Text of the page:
Raising Musical Kids: A Guide for Parents

Raising Musical Kids: A Guide for Parents

Raising Musical Kids: A Guide for Parents

Raising Musical Kids: A Guide for Parents


As a musician, a music teacher, and father of three musical children, Robert A. Cutietta can view the challenge of raising musical kids from all sides. Now, in a volume written specifically for parents (with or without musical background), he draws upon his extensive research and varied personal experience to offer a complete, practical guide to this common parenting issue. Does music make kids smarter? At what age should a child begin music lessons? Where should I purchase an instrument? What should parents expect from a child's teachers and lessons? How do I get them to practice? Raising Musical Kids answers these and many more questions as it covers everything from assembling a good listening library for kids, to matching a child's personality with an instrument's personality, to finding musical resources in your community. Cutietta is a gold mine of common sense and straightforward advice. For instance, his novel reward system for enforcing practice will be a godsend for parents. Knowing that children can--and usually do--get most of their music education within the public school system, the author explores at length the features and benefits of elementary and secondary school programs, and shows how parents can make the schools work for them and their children. And along the way, readers will enjoy Cutietta's good humor--his tales of 3rd graders wrestling with huge string basses--and the common sense way he dispels many stereotypes, such as the all-too-common "only boys can play drums." Throughout, Cutietta emphasizes the joy of participating in music for its own sake. This is a book that parents everywhere will treasure as a complete road map for developing their child's musical abilities.


It was a normal morning. Our son had already caught the morning bus to high school and our two daughters were waiting for their bus at the end of the driveway. My wife had already left for work, and I was getting a few last things together to take to the office. I would leave as soon as I heard the school bus stop in front of the house and arrive perfectly on time at work. the routine was well practiced.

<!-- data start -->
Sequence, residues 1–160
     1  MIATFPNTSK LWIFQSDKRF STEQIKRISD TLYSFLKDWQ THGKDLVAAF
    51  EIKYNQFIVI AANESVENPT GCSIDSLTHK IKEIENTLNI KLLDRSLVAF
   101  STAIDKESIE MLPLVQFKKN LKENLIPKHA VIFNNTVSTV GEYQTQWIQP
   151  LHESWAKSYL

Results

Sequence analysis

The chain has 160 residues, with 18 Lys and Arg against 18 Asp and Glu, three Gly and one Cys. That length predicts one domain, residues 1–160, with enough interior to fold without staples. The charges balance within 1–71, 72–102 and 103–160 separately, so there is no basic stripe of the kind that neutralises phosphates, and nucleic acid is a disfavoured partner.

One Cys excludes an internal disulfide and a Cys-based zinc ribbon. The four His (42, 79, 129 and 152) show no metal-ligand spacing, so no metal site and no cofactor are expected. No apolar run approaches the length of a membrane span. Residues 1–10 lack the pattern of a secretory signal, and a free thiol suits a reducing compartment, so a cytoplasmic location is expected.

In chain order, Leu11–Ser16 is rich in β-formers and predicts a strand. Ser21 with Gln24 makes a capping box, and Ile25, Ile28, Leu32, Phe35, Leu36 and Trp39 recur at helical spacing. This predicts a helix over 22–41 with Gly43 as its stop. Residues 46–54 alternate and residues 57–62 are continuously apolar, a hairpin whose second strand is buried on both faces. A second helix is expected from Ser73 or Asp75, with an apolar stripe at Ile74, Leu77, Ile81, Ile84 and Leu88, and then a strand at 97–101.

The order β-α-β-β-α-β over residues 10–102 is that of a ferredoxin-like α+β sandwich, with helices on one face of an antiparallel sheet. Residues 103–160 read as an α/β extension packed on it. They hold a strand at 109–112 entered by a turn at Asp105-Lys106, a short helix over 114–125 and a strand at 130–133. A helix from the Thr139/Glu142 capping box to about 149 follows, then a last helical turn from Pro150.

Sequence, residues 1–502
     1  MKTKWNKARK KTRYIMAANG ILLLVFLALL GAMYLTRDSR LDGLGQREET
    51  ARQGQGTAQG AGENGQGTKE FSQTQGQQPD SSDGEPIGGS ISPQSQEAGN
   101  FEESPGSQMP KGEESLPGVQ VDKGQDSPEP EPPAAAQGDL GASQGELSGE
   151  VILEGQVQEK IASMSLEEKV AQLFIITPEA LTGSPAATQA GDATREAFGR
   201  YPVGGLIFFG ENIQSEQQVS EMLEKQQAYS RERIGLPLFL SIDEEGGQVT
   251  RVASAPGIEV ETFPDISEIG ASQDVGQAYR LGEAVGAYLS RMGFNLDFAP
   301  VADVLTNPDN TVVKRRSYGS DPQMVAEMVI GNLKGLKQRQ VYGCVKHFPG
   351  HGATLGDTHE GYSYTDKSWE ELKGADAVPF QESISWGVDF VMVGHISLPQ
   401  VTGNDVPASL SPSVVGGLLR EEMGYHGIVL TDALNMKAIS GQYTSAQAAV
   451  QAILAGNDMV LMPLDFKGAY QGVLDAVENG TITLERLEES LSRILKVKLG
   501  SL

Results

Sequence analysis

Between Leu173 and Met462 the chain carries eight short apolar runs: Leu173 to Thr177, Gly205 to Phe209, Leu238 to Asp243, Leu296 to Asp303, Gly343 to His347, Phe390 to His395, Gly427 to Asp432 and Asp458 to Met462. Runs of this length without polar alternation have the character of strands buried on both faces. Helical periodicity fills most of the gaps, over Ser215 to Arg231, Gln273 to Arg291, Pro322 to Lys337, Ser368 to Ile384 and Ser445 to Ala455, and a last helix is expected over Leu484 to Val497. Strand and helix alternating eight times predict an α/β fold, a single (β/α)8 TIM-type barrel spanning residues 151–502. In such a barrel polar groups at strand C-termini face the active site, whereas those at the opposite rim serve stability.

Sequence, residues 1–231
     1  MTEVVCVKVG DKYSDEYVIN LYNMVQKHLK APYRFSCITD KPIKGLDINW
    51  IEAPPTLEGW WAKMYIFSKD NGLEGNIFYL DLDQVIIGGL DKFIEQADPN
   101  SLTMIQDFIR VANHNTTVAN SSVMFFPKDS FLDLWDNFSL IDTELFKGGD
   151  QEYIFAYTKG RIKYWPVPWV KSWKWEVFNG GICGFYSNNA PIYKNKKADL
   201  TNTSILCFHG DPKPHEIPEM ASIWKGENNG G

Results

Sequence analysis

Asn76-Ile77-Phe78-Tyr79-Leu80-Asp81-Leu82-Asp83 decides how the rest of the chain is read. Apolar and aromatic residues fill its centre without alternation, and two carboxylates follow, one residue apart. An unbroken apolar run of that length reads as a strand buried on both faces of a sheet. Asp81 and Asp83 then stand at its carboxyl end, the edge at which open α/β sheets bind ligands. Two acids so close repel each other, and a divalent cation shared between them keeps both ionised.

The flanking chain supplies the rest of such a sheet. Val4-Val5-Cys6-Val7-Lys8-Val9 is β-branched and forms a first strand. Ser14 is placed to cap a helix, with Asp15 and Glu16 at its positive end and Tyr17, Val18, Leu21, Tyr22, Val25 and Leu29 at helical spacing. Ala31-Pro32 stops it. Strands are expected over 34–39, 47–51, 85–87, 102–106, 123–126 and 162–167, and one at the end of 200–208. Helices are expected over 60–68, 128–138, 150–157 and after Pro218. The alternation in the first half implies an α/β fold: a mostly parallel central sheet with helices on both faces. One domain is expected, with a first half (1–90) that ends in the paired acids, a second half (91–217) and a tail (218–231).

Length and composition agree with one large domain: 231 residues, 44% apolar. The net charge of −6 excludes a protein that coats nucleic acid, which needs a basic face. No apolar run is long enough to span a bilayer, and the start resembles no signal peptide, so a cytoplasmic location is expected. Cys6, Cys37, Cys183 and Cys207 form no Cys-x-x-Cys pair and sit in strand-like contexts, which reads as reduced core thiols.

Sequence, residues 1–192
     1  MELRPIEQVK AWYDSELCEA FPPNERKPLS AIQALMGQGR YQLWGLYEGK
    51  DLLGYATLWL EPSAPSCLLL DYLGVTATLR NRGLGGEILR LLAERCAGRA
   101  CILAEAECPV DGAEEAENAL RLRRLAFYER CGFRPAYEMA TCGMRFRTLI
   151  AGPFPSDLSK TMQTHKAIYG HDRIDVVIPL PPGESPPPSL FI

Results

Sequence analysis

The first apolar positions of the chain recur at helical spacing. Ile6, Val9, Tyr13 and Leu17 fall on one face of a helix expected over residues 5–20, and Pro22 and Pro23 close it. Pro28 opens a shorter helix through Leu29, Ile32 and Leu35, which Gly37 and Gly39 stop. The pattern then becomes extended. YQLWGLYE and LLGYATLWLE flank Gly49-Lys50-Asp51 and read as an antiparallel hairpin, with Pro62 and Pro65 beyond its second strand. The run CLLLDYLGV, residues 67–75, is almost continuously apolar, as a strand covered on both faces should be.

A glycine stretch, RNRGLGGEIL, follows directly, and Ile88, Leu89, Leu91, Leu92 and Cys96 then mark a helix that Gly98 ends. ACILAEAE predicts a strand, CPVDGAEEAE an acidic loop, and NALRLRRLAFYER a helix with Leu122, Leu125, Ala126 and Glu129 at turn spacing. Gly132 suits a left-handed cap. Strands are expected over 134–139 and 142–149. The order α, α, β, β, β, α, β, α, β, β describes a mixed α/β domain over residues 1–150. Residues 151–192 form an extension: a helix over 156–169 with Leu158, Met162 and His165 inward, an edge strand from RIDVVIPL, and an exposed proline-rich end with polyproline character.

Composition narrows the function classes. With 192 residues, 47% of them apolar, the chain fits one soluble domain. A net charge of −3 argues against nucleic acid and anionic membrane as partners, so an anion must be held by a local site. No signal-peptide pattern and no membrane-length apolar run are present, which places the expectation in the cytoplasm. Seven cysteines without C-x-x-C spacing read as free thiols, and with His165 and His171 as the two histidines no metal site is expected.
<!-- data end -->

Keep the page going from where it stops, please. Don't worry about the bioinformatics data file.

But this morning the sound of the bus didn't come. Instead, the front door flew open. dad, we missed the bus!!! all the other kids are gone already!!! Suddenly everything was in high gear as we all rushed to get in the car and head to school.

At the school I was just one more parent with a cup of coffee and children pouring out of the minivan. Unfortunately we arrived after the final bell had rung and I had to go into the main office to sign the girls in. They went to their classes while I walked past classrooms filled with students and teachers who were just beginning their day together.

Later that day I was in another middle school across town observing a student teacher who was, somewhat awkwardly, teaching an eighth-grade music class. You see, in addition to being a parent, I am a professor who specializes in training music teachers and therefore spend many of my days in schools. But that day, as I watched this young man, something occurred to me that never had before. It struck me how different the school looked to me as an educator than it had to me as a parent just a few hours earlier.

This thought stuck with me. the more I pondered it, the more intriguing it became. It became even more intriguing as I mentally expanded the view from two perspectives (university music teacher . . .

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